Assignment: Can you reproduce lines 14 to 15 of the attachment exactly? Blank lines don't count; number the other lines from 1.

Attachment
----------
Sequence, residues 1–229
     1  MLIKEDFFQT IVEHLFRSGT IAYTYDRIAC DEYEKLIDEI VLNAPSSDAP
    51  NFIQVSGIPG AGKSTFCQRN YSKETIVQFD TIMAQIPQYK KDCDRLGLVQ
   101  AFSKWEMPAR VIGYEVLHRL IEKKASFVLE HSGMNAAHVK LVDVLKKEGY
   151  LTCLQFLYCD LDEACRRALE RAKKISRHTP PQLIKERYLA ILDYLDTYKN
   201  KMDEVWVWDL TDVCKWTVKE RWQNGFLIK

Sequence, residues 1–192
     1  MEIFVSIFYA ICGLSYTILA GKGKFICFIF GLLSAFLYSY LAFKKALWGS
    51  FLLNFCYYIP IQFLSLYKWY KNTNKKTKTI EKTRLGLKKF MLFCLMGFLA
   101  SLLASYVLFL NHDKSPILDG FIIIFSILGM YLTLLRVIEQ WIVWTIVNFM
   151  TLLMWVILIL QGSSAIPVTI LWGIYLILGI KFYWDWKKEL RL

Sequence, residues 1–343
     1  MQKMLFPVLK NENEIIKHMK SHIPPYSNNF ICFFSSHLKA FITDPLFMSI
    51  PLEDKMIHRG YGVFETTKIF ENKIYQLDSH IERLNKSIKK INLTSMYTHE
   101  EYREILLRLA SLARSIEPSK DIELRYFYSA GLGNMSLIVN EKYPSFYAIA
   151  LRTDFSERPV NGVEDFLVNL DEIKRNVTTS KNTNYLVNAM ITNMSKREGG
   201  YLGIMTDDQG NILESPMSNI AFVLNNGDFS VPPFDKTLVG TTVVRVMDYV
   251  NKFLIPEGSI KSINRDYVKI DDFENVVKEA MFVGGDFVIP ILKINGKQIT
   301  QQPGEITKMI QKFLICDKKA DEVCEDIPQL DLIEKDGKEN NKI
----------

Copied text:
    51  PLEDKMIHRG YGVFETTKIF ENKIYQLDSH IERLNKSIKK INLTSMYTHE
   101  EYREILLRLA SLARSIEPSK DIELRYFYSA GLGNMSLIVN EKYPSFYAIA